A united front of organizations was assembled to ensure a safe passage for the stream of confused, displaced, and likely panicked or injured people who would be in exodus from Portland. Highway crews to clear the roads, Red Cross kitchens to feed the masses, and engineering units to supply the emergency routes with basic facilities were among the departments on hand. During the evacuation, a massive health service center was to be erected at Pacific University in Forest Grove, while Portland’s hospitals and medical personnel were to be strategically dispersed outside the city (5). Showing the increased respect nuclear fallout had been given in1955, plans were in the making for several radiological monitoring stations to coordinate safe passage from the affected areas. The stations were to be manned by volunteers trained in meteorological patterns and fallout detection. All events would be connected through a communications network established by R.A.C.E.S. volunteers, and several other amateur radio operating services. What the government hoped to establish through the combined efforts of these professional and volunteer services was to make the evacuation route as hazard free and quick moving as possible.
As the civilian population moved out, National Guardsmen and public service personnel moved in. Three massive Staging Areas were established in an arc around Portland. Sandy, Forest Grove, and Aurora, provided the proper resources and appropriate distance from Portland to safely assemble for rescue operations. Each area would be overseen by a director, for example, Stage 3 in Sandy was under the command of a high ranking Portland fire officer. Under the original plan, each Stage Area would have been coordinated by the “Advanced Control Center” set up at the McMinnville high school (6). The revised H-Bomb plan however, called for a state of the art 400,000 dollar control center to be placed in the hills outside Portland. Completed in time for Operation Greenlight, this concrete bunker would be home to the Portland city Government, Mayor, Civil Defense Director, and the heads of all municipal departments. Laden with the latest communications equipment and microfilmed copies of all vital city records, the bunker could hold the entire city emergency government for a two week stay (7).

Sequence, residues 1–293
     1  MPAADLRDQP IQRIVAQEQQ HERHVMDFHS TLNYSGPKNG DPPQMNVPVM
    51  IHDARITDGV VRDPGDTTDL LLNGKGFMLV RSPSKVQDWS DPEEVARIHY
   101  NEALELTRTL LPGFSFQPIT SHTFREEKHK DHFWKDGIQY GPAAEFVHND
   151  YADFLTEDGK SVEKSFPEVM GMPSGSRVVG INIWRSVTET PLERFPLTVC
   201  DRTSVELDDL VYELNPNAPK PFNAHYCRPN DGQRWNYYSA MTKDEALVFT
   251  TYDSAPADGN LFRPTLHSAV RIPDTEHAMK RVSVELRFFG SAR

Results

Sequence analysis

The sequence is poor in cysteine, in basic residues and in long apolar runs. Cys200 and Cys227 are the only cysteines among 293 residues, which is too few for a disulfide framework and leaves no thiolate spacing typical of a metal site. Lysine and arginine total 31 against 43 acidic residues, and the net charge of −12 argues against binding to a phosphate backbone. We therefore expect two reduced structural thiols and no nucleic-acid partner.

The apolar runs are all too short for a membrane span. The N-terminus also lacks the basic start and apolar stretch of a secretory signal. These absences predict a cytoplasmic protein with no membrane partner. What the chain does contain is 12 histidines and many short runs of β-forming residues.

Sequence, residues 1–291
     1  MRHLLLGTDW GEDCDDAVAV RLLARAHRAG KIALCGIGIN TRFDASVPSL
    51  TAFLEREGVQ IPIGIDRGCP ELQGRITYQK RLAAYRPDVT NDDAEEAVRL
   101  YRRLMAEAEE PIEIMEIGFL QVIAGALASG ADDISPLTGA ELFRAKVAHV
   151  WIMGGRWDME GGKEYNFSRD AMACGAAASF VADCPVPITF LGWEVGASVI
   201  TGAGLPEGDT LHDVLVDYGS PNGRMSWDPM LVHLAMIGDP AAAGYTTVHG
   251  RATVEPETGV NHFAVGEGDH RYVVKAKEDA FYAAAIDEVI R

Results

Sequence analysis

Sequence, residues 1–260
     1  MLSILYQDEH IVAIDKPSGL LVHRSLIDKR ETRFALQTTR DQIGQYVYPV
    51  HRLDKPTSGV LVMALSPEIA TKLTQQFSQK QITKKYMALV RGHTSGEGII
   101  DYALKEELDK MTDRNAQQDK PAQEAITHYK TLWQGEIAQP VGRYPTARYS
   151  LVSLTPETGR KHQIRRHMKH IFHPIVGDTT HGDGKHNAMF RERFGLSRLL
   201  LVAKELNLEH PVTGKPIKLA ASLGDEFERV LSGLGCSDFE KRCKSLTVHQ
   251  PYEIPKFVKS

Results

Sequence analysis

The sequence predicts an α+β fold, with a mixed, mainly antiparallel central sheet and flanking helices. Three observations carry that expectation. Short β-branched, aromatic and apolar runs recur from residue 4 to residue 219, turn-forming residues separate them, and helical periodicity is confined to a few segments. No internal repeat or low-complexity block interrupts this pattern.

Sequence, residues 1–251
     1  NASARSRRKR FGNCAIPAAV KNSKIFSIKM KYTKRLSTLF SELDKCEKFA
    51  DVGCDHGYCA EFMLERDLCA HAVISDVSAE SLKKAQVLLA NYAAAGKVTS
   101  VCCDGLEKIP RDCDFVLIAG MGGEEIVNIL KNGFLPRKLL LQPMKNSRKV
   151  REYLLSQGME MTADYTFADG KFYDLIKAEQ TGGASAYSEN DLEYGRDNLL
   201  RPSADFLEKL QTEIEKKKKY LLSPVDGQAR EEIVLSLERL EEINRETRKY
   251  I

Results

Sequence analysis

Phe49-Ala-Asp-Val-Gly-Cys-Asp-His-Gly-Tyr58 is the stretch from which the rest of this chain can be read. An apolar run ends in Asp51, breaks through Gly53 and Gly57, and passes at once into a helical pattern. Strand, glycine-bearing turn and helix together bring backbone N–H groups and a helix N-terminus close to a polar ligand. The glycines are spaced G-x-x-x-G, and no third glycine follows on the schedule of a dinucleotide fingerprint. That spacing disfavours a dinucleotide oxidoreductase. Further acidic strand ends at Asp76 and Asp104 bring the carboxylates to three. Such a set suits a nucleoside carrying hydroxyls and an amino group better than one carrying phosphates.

3. According to the Annual Report, a two day training seminar was needed to become an engineering assistant. The main focus of the event was to learn different ways of setting up water lines to quench the thirst of evacuees on the routes out of Portland.
4. State planners projected in their hypothetical attack on Portland that ground zero for the H-bomb's detonation would be at the intersection of SW Broadway and Morrison streets, directly in the heart of the city. The distance which evacuation zones and staging areas could be safely established was judged by using these coordinates and spanning outwards.
5. As of February 1956, this plan was still on the drawing boards. It was likely that Forest Grove was chosen because Pacific University's infrastructure would have allowed a substantial medical facility to be established with less investment than smaller communities. Its existing facilities could also have been utilized had an attack occurred before proper arrangements were completed, and still been an effective center.
6. After the completion of the Portland City Government Bunker, the McMinnville high school was to be the headquarters for the Auxiliary Police program and safety resource center. Under the direction of operators at this center, auxiliary police were to man checkpoints to stop incoming traffic to Portland within three to five minutes after an alert was received.
7. Extensive shots of the bunker and its features are provided in A Day Called X,
while narrator Glenn Ford highlights the history of civil defense in
Portland, and stresses the preparedness of its population.